Too Many Words vs. Finding Your True Nature.

The more ideas I have, and the more I work out the math in my own mind to find them feasible, the more I realise how much I have shut myself down in the years prior to 2018.  It's a little galling, but I know I didn't do all of it to myself. Also I realise how much I have always been exactly what I am.

This is not a post about casting blame. We're going to talk about discovery.

In 1975, I was ten years old. For the second time, my school had me evaluated to see if something was wrong with me (I didn't know that when it was happening.) I met with a guidance counselor weekly and she gave me various tasks that didn't make sense, but I performed them well.

She typed my parents a letter that begins:

"The most apt phrase to describe our most delightful Debbie is that she 'bites off more than she can chew.' Although this really isn't the case." I love this line. But then she follows with "Deb could do the work if she'd like to but perhaps she gets more attention if she doesn't." She determined that I had a lack of responsibility, that I was choosing to be obstinate - common diagnosis in 1975.

While I agree that responsibility is important, I don't think she really identified my problem. I'd like to argue that even then I needed someone to explain to me why it was required to blindly follow, and take some time to discuss whether there wasn't really a better solution. I guess that made me needy. I just wanted to understand. I'm still having the same need for clarification, at this very instant.

Neil deGrasse Tyson just touched my heart with this speech. He explains the difference between knowing the answer and finding the answer. He gets me, even though I'm not what he's talking about. I don't compartmentalize very much - I compile data, all of it. It swims around in my brain looking for other data to join. It takes me longer than most people take to come up with something, but it also avails me of solutions that the fast-sorter is not going to find on the first try, or the second. Maybe you think this sounds like you.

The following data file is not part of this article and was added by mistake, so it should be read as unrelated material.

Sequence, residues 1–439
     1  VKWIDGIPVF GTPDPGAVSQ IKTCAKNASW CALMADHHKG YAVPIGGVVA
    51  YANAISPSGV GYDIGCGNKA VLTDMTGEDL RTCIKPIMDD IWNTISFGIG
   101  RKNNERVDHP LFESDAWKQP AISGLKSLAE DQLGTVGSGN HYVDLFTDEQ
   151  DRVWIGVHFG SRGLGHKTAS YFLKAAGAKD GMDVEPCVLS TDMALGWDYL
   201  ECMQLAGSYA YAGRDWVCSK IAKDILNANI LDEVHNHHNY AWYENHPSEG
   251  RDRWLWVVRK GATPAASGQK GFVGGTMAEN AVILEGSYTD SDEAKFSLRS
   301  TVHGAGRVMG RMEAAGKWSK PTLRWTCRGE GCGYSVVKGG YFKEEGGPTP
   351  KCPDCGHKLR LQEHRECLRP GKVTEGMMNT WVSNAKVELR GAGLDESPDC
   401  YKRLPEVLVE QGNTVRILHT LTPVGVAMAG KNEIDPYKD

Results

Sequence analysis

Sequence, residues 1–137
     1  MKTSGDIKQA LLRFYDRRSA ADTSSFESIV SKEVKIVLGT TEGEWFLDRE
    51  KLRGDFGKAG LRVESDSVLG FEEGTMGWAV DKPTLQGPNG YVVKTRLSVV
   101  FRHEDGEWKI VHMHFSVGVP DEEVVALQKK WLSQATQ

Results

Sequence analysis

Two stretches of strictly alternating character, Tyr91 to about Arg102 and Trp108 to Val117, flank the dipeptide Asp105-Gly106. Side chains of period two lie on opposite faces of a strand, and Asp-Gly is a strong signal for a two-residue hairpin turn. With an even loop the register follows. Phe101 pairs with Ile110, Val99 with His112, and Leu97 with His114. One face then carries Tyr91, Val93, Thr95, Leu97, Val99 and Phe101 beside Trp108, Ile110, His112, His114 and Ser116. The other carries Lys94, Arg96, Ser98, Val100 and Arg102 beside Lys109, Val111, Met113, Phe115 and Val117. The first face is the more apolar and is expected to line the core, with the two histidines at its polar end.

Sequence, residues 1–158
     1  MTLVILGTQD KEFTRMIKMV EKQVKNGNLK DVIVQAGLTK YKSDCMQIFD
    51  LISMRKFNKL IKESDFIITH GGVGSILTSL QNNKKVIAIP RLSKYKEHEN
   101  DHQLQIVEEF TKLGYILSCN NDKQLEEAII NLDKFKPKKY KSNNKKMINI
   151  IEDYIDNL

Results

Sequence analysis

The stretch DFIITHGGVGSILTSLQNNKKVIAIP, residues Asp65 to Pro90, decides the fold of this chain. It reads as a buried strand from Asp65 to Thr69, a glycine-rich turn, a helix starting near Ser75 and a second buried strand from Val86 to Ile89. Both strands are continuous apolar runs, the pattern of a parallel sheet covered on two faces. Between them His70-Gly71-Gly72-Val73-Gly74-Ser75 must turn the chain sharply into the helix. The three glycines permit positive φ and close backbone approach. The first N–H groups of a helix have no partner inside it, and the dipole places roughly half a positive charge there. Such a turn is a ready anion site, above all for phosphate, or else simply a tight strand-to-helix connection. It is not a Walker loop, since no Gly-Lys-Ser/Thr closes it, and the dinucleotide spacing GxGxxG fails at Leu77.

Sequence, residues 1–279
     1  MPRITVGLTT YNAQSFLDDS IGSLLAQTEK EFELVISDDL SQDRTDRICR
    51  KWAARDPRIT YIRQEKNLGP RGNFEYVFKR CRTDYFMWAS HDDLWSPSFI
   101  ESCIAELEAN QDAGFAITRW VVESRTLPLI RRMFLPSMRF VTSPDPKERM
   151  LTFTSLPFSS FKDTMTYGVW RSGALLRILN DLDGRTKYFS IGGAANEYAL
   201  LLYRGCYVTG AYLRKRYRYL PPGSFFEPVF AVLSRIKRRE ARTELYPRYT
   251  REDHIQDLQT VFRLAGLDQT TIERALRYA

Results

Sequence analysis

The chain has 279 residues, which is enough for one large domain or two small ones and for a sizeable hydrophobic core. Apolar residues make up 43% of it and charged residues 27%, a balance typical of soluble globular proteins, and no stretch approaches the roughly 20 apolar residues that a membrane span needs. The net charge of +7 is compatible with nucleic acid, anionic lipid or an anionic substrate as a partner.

My counselor meant well when she wrote that letter in 1975, but she was stuck on C-A-T thought pattern - linear - and wanted me to be able to conform. She wasn't wrong, really; had I been able to conform my life would have been easier. Easier is not the same as fulfilling. Back then I had big ideas, but a ten-year-old is just not taken seriously as a project manager or even a seer. Wise Magets are no longer valued in society the way they used to be.

I still bite off more than I can chew *within a set time-frame* but if you don't use a stop-watch I will continue to amaze  you.

It is good to learn what society expects and to be responsible for your share. It may take extra work for you to truly understand your role and how it pertains to your true self, but it is worthwhile to fully grok it. It will make some parts of your life easier. It is also good to continually seek a place where your personal skill set fits, and people who get you.  The path is often solitary, but truly worthwhile.

If you can follow instructions but also look for another answer, that will be the most pragmatic use of your minutes on earth. Listen, but don't blindly follow, because there isn't any real reward in that. 

Further Reading:

Qidditas 24 - Please see Page 59

Dr. Timothy Jolyon Hughes makes a good case for young women in literature who were wise beyond their years, beginning on page 59. Go ahead and read the whole thing, though. Get some popcorn and curl up by the fire.

Comments

  1. :-) Who knows? You might live your life thinking very strange thoughts, and as one who chooses to, or NOT to, follow, never relinquishing her choice, might write very strange books that have no genre. You might choose friends on their merit and not because they are part of a cliche. You might visit graveyards AND bars. You might be Deb instead of Debby. You might be uniquely -- You.

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